In dog bite lawsuits questions occasionally arise about whether or not the injury sustained by the plaintiff was caused by the biting behavior of a dog. This is particularly true if the dog has never bitten a person before, had a docile temperament, and the circumstances present at the time of the incident were not conducive for dog bite injury to occur. Usually it is in the plaintiff’s best interest to allege that the injury was caused by a dog bite in those American states where strict liability exists for dog bites. In the absence of a dog bite, then recovery for the plaintiff using other legal arguments, such as negligence, may be more difficult.
Animal behavior expert opinion can be used to reconstruct an alleged dog bite incident to determine whether the dog bit the plaintiff. Dog bite reconstruction is based on several factors which include the position of the dog relative to the location on the plaintiffs body where the injury was inflicted, the plaintiff’s behavior at the time the incident occurred, the past behavior and temperament of the dog, and the physical features of the injury.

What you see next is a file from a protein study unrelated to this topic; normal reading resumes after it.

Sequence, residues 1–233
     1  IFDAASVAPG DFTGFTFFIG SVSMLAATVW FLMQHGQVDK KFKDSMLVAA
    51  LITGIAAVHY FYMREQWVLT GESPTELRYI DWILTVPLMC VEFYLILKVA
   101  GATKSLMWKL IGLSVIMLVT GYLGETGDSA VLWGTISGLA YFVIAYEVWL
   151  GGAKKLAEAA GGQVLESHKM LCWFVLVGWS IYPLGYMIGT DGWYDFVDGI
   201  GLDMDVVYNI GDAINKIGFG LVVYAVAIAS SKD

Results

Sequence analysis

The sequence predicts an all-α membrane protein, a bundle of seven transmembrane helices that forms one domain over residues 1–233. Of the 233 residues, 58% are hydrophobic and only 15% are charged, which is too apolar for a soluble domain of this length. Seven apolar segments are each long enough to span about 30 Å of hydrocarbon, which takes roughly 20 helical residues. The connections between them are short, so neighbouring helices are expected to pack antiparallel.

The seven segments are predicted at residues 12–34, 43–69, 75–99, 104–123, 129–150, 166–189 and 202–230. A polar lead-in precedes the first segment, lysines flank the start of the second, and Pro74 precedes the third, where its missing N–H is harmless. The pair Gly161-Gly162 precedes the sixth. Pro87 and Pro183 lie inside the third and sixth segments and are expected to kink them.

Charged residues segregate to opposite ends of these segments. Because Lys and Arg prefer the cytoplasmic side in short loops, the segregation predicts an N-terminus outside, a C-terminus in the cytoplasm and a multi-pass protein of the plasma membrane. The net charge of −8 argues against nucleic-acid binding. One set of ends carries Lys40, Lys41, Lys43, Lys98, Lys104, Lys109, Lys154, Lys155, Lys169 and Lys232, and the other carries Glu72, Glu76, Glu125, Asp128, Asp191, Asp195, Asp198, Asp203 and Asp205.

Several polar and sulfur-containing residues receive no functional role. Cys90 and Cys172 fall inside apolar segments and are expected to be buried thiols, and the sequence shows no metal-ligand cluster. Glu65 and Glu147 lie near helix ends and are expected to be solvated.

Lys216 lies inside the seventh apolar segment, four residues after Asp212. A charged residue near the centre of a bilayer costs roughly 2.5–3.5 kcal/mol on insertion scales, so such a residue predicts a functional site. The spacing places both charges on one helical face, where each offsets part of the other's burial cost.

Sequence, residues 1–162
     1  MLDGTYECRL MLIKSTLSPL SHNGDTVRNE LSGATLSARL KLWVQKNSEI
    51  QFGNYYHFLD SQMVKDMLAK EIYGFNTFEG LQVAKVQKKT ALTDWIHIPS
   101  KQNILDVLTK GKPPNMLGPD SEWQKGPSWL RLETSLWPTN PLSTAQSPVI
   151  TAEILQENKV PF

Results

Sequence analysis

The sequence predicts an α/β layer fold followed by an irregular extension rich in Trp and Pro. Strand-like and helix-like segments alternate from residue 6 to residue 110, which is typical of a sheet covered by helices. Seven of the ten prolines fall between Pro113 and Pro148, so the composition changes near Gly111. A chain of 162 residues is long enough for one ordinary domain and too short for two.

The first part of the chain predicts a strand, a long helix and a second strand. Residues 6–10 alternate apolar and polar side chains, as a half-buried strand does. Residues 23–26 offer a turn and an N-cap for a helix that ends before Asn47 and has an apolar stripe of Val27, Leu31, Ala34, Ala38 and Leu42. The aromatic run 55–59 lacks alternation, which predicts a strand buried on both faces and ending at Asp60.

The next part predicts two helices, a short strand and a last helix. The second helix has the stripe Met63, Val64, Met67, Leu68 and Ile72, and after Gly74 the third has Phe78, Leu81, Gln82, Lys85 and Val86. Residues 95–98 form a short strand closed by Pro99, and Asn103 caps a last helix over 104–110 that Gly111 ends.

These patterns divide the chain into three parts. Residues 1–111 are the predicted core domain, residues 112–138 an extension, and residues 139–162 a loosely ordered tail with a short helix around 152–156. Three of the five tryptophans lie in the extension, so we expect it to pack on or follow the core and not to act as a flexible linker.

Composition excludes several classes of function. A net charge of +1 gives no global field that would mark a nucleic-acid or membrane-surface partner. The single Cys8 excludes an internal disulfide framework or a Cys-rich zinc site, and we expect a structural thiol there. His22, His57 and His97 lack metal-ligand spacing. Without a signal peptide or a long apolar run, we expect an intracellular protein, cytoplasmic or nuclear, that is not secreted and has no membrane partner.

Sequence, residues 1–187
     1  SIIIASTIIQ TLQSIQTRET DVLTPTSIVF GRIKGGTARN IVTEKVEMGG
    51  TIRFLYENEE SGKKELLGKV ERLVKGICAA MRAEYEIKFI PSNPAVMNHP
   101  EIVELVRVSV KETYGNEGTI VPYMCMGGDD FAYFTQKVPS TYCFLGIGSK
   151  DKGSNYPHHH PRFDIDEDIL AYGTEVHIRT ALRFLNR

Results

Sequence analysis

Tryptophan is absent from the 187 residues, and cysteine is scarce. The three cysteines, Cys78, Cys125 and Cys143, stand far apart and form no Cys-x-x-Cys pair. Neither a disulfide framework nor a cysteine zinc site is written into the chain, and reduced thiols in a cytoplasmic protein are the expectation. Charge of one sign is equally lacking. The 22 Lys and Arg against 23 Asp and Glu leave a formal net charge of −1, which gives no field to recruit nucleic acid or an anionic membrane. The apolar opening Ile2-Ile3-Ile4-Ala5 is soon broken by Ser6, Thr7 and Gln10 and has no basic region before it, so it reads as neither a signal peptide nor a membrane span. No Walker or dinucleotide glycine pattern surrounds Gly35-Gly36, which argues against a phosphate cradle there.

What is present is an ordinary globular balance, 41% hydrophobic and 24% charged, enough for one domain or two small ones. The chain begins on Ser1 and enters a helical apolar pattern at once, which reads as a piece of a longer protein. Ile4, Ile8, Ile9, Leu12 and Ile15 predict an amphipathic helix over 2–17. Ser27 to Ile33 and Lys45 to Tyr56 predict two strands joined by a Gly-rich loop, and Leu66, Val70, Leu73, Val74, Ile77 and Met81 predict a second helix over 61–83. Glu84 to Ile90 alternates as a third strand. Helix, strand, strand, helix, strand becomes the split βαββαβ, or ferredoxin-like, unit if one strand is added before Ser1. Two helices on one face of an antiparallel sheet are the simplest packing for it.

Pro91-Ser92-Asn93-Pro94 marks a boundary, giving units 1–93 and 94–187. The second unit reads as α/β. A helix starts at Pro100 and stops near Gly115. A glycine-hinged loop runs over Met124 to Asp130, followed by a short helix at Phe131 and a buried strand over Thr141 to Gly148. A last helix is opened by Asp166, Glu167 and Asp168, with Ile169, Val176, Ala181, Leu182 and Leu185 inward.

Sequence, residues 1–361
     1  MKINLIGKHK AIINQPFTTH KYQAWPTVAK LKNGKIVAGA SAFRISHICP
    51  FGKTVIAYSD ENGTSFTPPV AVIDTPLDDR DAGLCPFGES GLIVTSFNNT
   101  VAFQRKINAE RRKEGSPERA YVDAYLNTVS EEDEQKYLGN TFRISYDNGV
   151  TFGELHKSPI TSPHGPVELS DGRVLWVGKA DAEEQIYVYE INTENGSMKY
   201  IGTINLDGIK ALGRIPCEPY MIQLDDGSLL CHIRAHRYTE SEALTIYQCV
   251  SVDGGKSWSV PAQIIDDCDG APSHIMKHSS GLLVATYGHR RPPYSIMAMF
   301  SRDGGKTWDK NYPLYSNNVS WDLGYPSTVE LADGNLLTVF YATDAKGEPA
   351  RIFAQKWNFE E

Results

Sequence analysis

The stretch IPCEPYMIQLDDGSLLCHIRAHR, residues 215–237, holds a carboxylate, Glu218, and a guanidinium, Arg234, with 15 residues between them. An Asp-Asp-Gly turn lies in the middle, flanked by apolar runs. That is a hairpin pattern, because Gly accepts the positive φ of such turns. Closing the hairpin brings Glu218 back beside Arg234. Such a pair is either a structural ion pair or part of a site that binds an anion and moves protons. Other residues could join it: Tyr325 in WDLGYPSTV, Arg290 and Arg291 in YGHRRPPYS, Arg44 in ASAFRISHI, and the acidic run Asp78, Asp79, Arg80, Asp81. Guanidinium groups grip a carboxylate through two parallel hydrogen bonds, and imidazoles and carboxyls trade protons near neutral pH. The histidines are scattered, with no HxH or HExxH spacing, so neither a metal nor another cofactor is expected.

With regard to the latter, a dog bite to a human often produces typical physical pattern of injury, which is curvilinear in nature. This is nicely illustrated in the photograph to the right, which shows a curvilinear laceration to the head of four-year-old boy inflicted by an Akita. Often, adjacent puncture wounds and lacerations may also be present, as shown in this photograph.
Note that in those instances in which a curvilinear wound is not present, but still a dog bite is suspected to be the cause of the injury, other factors must be considered, such as those mentioned above, for accurate reconstruction in dog bite lawsuits.